Michael Smith, president of the Uptown booster group Charlotte Center City Partners, recently used the "D" word when talking about the Uptown real estate market in an interview with NewsTalk 1110 WBT's Al Gardner.
"D" as in "depression."
Smith was talking about the halt of construction at The Vue. If its owners, who had stopped paying their contractors, don't get "stuff" straightened out with their lender, the partially finished condo tower could add more rust to the Uptown skyline.
"The Vue is a great project and it is one that has kind of defied gravity and continued to climb right into the teeth of this depression," Smith said. When Gardner asked Smith if he'd meant to use the "D" word, Smith quickly self-corrected.
"That's a little bit dramatic," Smith said, relabeling it a recession. What Smith actually meant, I surmise, was that the "D" word was a little bit dramatic for use in public -- because the Uptown crowd doesn't cop to such things.
"We entered this downturn with such momentum," Smith fumbled on, referring to the opening of the Lynx light rail line. "We've got six cultural facilities that are going to open over the next 12 months."
People don't buy condos to go to cultural facilities they might visit once a year. They buy them to live near where they work. Smith didn't mention anything about job announcements in Uptown because there haven't been many.
And that's the problem. Was the term "depression" the right one?
If you bought an Uptown condo, you know that new Uptown condo developments can have a semi-ghostly feel to them at times. Only a third vacant? That's great news.
Unless you read the Charlotte Business Journal, the only local publication to shoot straight about the Uptown condo crisis -- yes, it is a crisis -- this is news to you.
If you had to guess -- and if you read the Charlotte Observer, you do -- how many Uptown condo purchase closings would you estimate occurred between January and July of 2009? Three hundred? One hundred fifty?
Try 63. That's nine a month. Nine. As the Journal reported earlier this month, that leaves a minimum of 900 vacant units to be absorbed into the Uptown market, a nine-year supply at the current rate. And that doesn't count the investors who have given up on selling and are renting, in the process contributing to a spiraling rental crisis that has pushed the residential vacancy rate at more than 20 percent. Given the hundreds of vacant units still coming on the market, I can't imagine how high it will go.
In a more forthcoming journalistic environment, the local news would be filled with stories of condo owners and investors flipping out. Not just those who lost deposits when yet another condo tower project went belly up, but those left holding the bag when they couldn't sell condos in the hippest developments touted by the local media for even half of what they paid for them.
For more than three years, the Charlotte Observer and Emma Littlejohn, president of the Littlejohn Marketing Group, assured us that there was no condo glut, just boom, boom, boom. Other points of view were rarely tolerated, so the paper simply quoted Littlejohn over and over while she profited from the faux boom she, the Observer and others helped to sell.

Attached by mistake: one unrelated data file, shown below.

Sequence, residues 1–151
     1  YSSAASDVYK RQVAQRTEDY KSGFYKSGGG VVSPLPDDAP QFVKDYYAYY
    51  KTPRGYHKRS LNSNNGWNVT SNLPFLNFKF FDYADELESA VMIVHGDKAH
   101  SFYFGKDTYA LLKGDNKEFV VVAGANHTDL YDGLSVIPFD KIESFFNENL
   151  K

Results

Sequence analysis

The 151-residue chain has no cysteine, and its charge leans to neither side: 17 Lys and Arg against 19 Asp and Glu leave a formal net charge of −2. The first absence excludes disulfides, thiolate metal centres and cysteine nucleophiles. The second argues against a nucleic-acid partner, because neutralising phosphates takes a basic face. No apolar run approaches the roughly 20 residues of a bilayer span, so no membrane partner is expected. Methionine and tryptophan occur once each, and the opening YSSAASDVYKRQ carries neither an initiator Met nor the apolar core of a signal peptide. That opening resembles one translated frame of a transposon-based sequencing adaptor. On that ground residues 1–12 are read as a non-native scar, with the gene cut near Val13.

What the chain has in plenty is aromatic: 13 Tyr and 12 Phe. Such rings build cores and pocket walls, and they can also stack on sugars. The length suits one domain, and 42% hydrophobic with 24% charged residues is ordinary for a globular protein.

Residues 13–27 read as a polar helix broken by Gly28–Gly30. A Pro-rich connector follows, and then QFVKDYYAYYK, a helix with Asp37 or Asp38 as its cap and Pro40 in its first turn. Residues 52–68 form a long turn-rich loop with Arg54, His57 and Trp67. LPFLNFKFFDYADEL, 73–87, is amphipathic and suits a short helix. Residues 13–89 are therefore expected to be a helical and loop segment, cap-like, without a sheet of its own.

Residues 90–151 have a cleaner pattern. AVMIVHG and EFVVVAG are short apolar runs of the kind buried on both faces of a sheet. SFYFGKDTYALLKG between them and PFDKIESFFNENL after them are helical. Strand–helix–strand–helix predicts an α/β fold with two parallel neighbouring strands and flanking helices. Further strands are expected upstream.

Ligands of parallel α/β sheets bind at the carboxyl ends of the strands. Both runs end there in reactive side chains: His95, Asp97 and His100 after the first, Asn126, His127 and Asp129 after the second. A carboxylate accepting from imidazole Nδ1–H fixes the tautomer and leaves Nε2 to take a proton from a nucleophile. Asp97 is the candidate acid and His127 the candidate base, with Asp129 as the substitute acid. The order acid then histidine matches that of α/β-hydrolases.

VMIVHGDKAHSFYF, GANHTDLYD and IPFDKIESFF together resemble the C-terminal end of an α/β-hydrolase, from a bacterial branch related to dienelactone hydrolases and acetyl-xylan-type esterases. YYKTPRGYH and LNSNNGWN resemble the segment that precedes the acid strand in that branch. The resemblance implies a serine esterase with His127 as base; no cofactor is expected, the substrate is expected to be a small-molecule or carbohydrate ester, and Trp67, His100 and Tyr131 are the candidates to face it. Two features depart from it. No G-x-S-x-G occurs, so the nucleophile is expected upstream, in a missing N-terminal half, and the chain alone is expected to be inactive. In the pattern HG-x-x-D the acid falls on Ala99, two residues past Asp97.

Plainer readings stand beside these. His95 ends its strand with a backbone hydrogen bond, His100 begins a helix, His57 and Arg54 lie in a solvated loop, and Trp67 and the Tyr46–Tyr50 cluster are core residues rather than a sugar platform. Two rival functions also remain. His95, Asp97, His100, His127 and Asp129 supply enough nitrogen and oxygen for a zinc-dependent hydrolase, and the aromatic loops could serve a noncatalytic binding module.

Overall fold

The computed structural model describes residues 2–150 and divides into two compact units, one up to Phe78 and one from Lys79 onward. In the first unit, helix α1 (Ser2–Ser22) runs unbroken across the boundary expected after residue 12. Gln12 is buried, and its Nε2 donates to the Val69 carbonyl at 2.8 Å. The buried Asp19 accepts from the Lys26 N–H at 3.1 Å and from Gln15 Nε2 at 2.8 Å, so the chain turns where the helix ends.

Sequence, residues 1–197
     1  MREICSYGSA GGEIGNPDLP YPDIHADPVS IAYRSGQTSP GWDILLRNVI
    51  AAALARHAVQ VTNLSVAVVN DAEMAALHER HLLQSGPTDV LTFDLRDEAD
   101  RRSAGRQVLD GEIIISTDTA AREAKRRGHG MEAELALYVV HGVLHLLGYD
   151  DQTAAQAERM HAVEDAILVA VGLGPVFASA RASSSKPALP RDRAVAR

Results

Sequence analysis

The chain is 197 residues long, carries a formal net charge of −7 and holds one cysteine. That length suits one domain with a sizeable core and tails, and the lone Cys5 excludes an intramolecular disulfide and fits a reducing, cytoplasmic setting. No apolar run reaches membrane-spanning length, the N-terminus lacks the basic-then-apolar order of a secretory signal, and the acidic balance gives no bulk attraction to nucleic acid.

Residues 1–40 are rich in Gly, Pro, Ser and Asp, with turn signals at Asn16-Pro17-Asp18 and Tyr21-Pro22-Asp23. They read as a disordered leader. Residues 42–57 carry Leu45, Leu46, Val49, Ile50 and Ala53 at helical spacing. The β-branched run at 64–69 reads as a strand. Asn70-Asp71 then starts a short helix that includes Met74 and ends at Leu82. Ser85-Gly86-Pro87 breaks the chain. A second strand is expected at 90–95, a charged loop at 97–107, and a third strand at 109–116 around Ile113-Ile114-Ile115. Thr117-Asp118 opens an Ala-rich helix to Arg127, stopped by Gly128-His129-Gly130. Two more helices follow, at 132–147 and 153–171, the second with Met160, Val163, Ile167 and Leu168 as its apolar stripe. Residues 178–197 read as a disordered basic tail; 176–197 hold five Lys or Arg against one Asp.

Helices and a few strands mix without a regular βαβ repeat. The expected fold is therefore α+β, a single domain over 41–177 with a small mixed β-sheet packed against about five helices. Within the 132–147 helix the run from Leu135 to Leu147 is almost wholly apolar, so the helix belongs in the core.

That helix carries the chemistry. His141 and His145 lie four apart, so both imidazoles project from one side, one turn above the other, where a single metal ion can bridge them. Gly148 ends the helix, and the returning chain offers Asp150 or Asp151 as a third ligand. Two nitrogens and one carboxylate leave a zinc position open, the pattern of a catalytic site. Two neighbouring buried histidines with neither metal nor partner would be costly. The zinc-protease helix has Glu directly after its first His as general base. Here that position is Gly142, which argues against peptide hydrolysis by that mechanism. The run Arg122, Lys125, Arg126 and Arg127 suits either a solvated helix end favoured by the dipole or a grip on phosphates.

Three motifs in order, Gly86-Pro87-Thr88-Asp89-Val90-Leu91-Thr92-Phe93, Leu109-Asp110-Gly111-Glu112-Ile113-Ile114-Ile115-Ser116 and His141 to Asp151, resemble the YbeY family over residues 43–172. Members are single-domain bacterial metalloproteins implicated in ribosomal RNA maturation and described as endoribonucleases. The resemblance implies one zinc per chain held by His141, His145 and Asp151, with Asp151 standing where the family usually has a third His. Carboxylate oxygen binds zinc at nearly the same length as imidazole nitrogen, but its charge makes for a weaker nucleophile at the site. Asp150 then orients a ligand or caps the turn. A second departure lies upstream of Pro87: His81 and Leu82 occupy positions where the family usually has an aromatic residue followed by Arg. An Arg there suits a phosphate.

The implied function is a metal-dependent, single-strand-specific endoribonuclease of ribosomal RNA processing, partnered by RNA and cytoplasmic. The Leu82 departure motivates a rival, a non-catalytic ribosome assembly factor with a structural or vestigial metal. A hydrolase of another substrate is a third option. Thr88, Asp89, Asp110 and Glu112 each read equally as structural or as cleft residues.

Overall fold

Then Observer business page editor Doug Smith, the architect of the breathless condo coverage, sailed off into the sunset of his retirement, leaving a trail of real estate wreckage in his wake and deeding his rolodex with Littlejohn's contact info to the next generation of reporters. It's the Uptown way.
No one could have seen the financial crisis coming, or the real estate bubble bursting the way it did. But even if it hadn't, it's now clear that Charlotte, which was building for a banking boom, would still have been way over-built.
Now that the bust is in full swing, the best that Smith of Charlotte Center City Partners can offer is more entertainment facilities. He and the city's present leaders are relics of the 1990s, when endless dominance of the banks in Charlotte was presumed, and the only development needed was the social/cultural/nightlife kind they put on the glossy pages of the bank brochures.
And yet city leaders still plod on, planning to spend $1 billion on a light rail line and debating another half billion on an Uptown street car. Part of the total $1.5 billion tab is supposed to be paid for by -- get this -- property taxes on new development along the streetcar and rail lines. A sales tax hike was also debated, but has been ditched for now.
When Forbes recently named Charlotte to its list of America's most stressful cities -- we're 25th -- the author wrote that "Charlotte residents likely consider the city most stressful for its 12.4 percent unemployment rate."
Charlotte's rate was the third highest of the 40 metro areas Forbes examined. Mecklenburg County has a rate of 11.7. In Wake County, home to Raleigh, the rate hangs at 8.8 percent.
Some of this will fix itself when the economy improves. But as the Raleigh numbers show, some of it won't. And all the additional cultural facilities, streetcars and stadiums in the world won't make a dent.